Lawrence Berkeley National Laboratory
Interannual variation in hydrologic budgets in an amazonian watershed with a coupled subsurface-land surface process model
- Author(s): Niu, J
- Shen, C
- Chambers, JQ
- Melack, JM
- Riley, WJ
- et al.
Published Web Locationhttp://dx.doi.org/10.1175/JHM-D-17-0108.1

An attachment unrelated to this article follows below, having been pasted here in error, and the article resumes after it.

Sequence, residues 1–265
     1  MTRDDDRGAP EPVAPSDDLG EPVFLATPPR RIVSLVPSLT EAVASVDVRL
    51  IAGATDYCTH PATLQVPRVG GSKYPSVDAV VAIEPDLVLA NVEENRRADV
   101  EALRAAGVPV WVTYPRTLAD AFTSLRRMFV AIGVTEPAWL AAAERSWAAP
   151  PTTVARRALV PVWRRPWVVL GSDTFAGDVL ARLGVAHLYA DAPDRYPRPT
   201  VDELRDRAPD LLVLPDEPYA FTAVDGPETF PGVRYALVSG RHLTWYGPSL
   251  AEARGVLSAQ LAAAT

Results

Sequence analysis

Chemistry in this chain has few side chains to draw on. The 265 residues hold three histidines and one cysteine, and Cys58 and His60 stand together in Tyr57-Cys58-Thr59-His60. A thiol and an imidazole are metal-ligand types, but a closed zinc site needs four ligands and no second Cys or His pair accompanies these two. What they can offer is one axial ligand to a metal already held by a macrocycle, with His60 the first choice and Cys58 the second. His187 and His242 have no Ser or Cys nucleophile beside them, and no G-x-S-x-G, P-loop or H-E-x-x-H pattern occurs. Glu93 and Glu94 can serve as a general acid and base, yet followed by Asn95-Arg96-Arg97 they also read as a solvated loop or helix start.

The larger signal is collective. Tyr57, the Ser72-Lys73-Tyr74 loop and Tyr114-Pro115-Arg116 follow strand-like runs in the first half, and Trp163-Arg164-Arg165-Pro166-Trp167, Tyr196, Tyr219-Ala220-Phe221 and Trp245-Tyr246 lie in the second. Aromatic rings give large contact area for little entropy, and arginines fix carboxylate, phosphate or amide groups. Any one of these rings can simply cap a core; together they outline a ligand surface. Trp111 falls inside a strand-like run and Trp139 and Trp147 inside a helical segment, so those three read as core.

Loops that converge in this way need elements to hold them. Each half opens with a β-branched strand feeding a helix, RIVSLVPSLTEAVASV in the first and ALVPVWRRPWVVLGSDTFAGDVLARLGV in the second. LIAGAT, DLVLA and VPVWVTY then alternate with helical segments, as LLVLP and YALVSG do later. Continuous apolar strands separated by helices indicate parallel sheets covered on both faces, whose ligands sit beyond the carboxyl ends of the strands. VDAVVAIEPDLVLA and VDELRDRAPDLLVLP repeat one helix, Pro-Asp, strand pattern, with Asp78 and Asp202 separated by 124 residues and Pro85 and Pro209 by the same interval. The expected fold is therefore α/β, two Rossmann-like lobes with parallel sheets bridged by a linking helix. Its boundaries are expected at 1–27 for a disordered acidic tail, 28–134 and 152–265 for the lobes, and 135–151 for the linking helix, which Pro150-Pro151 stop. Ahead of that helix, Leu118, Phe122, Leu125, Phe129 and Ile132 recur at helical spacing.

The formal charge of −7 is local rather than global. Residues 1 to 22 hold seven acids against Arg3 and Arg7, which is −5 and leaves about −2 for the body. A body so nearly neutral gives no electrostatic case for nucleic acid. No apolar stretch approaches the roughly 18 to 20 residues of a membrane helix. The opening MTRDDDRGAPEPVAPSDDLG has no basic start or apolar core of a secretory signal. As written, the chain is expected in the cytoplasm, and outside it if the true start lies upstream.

© 2017 American Meteorological Society. The central Amazon forest is projected to experience larger interannual precipitation variability, with uncertain impacts on terrestrial hydrologic fluxes. How surface runoff, groundwater, and evapotranspiration (ET) change as a function of annual precipitation (AP) has large climate and biogeochemical implications. A process-based hydrological model is used to examine the sensitivity of hydrologic budgets and stream discharge Qs generation to AP in an upland Amazon catchment. The authors find that AP strongly controls infiltration, base flow, and surface runoff, but not ET. Hence, AP alone can predict interannual changes in these fluxes except ET. Experiments with perturbed rainfall show the strong control derives from the predominant groundwater component that varies linearly with AP but is insensitive to seasonal rainfall fluctuations. Most rainfall from large storms infiltrates and becomes base flow rather than runoff or ET. Annual baseflow index (BFI; the fraction of stream discharge from base flow) is nearly constant (~0.8) when AP is below ~2500 mmyr-1 and decreases with AP above this value, which represents an inflection point for increased storage-dependent saturation excess. These results indicate that the system is energy limited and groundwater dominated in dry seasons, which implies some resilience of ET to moderate droughts. The results suggest AP is a good predictor for interannual changes in infiltration. Both the seasonal near-surface soil moisture and surface runoff are correlated more strongly to the subsurface fluxes than to precipitation over monthly and annual time scales. Finally, the results confirm the importance of central Amazon groundwater flow and its buffering effect on storms and droughts, implying needed model development in regional to global models.